Identity theft. Two words that all of us are becoming increasingly aware of with each passing day.
The Internet offers immediate access to information and consumer services, which is convenient for our hectic day-to-day environment. However, the Internet can also give someone the opportunity to illegally access your personal information and damage your finances and reputation.
Recent data breaches resulting in the theft of check card information at high profile companies have drawn a great deal of publicity and created some trepidation with consumers.
Learning of a data breach can be a startling experience, but it does not mean that you will become a victim of fraud or identity theft. With a few precautions, you can be confident using your check card in person, online or by phone.
Check card security tips
• Keep your check card in a safe place and give it the same consideration you would to cash or checks.
• If you receive a replacement check card, be sure to destroy your old card.
• Sign the back of credit and check cards with permanent ink.
• Unless you placed the call, never give out your card number over the phone.
• Do not include your card number in an email.
• Use only secure websites, indicated by a lock symbol in the lower right-hand corner of your web browser, whenshopping online. Also, sites that have a URL that begins with the letters “https” offer secure communications.
• Utilize Verified by Visa or MasterCard Securecode for an additional layer of security when shopping online.
• Always log off from a website after making a check card purchase.
• Keep transaction receipts in a safe place or destroy them.
• Select a unique PIN that is not connected to your everyday activities or life, such as birthdays or anniversaries.
• Memorize your PIN and never share it with anyone.
• Change your PIN regularly, preferably every six months.
• Do not write your PIN on your check card.
• Verify transactions on your account statement and inform your bank immediately if you find discrepancies.
• If you are traveling, either domestically or internationally, it is important for you to notify your financial institution. You may be restricted from using your card if your financial institution is unaware of your travel.
What to do if you are a victim
If you suspect your personal information has been used to commit fraud or theft, act immediately.
• Contact the fraud departments of the three major credit bureaus and request that a “fraud alert” be placed on your file. Also, request a copy of your credit report. Follow up in writing and include copies of your documentation, such as the police report or your credit card statement with the items in question notated.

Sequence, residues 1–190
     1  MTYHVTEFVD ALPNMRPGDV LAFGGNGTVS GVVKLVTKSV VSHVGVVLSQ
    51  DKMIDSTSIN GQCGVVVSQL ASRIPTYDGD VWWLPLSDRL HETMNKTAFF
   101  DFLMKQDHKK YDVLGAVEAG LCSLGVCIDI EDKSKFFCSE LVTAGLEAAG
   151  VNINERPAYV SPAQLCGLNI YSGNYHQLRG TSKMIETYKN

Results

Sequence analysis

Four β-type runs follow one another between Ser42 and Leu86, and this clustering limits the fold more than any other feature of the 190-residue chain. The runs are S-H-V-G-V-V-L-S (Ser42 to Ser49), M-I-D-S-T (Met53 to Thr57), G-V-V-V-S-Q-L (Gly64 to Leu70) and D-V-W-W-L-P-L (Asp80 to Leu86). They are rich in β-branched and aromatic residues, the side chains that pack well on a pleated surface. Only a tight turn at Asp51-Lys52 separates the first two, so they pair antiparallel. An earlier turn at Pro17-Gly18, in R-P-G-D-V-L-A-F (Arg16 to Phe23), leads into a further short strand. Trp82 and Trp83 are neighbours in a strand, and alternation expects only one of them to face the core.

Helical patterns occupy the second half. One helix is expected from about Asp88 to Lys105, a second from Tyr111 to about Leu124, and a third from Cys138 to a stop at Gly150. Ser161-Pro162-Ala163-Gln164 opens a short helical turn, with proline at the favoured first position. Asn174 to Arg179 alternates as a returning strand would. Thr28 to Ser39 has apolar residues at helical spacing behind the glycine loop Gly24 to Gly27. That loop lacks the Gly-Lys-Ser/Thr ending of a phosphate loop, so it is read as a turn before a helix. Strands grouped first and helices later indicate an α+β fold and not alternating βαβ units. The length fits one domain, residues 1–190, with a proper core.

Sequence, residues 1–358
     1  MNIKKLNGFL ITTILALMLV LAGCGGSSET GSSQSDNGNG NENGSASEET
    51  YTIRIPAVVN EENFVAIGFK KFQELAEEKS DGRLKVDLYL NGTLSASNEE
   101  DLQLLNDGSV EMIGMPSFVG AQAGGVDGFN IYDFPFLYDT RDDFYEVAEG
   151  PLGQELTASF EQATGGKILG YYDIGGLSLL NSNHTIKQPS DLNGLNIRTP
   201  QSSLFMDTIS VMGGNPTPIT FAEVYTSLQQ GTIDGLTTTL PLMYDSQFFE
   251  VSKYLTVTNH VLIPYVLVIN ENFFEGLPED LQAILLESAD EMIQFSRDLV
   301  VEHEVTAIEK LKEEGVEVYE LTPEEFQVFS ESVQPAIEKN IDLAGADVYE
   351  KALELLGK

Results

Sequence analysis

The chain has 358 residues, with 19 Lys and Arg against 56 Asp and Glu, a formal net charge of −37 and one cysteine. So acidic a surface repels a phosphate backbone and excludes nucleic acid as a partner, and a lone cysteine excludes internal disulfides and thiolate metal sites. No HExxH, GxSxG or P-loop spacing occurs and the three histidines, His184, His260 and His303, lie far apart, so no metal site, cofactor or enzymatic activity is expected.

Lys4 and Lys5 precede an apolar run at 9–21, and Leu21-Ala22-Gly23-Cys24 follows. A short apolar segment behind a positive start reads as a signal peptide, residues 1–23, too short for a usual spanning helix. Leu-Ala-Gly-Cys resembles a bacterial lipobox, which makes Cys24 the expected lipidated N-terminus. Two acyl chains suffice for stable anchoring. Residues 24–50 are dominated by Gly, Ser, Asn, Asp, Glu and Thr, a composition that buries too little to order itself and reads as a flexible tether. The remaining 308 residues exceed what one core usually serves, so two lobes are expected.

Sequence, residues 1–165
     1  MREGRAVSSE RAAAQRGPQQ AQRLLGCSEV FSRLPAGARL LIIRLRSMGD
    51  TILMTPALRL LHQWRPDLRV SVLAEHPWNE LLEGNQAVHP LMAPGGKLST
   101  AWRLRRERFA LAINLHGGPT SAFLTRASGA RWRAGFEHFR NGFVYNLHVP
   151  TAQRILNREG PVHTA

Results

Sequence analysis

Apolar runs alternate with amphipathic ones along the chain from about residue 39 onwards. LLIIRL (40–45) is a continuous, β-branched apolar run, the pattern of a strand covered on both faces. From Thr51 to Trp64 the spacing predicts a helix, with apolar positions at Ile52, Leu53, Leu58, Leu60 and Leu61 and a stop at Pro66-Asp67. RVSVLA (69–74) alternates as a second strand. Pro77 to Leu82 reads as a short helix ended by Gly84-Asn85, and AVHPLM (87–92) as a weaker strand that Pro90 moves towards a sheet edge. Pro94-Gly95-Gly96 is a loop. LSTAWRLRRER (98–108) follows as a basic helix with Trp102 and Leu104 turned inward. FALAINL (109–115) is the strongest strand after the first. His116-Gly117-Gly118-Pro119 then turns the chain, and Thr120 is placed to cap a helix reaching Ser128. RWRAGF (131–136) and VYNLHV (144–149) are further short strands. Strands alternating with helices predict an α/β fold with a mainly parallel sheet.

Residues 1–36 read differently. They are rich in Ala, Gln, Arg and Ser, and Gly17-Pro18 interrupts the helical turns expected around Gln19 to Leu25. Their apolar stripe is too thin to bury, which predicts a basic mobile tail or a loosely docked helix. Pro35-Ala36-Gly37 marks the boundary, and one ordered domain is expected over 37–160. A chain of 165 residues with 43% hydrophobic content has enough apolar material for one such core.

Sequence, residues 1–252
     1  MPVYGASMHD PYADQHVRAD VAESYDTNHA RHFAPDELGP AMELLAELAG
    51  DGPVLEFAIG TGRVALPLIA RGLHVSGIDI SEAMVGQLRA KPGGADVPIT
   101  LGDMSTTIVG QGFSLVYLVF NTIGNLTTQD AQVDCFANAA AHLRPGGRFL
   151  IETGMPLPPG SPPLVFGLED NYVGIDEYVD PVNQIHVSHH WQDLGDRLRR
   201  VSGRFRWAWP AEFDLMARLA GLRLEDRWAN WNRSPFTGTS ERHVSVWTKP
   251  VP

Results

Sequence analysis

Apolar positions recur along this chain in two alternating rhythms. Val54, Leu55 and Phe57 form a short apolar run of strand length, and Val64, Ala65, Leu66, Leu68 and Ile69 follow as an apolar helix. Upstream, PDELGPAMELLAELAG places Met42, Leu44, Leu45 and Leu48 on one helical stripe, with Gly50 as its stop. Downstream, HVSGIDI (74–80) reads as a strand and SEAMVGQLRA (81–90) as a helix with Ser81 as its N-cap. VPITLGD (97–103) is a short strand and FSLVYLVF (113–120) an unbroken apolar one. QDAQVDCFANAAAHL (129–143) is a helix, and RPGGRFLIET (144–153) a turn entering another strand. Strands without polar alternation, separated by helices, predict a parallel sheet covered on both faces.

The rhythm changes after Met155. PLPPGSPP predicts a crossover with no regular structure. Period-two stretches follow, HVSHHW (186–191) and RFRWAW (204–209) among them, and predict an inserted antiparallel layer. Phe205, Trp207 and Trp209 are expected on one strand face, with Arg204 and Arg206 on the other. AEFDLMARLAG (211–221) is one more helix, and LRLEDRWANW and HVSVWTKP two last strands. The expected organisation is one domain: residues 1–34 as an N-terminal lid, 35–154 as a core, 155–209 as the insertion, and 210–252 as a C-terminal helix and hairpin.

— Equifax: (800) 685-1111.
— Experian: (888) 397-3742.
— Trans Union: (800) 916-8800.
• If you believe your accounts have been tampered with or fraudulent accounts have been opened in your name, close those accounts immediately. If the fraud involves a credit card, notify the company or other provider within 60 days from when you received the first bill containing the fraudulent charges.
• File a report with your local police department or the police in the community where the identity theft took place and ask for a copy of the report. Credit card companies may need proof of the crime to erase the debts caused by identity theft.
There are several online resources where you can obtain information regarding personal information security and identity theft tips. A few of them include:
• Federal Deposit Insurance Corporation, fdic.gov.
• Federal Trade Commission, ftc.gov/bcp/edu/microsites/idtheft.
• Department of Homeland Security, US-Cert.gov.
While there are no completely secure guarantees, the above precautions can help safeguard your personal information and minimize your risk. Remember, when you follow your bank’s guidance regarding card and PIN protection notification in conjunction with MasterCard and Visa guidelines, you are not held responsible for unauthorized charges. So, be sure to enjoy all of the benefits technology offers with confidence.
For more information about preventing fraud or other MidFirst Bank services, stop by or call us at (480) 755-0937.
• Liane Rouzaud is a chamber board member and banking center manager at the Ahwatukee Foothills MidFirst Bank at 48th Street and Chandler Boulevard.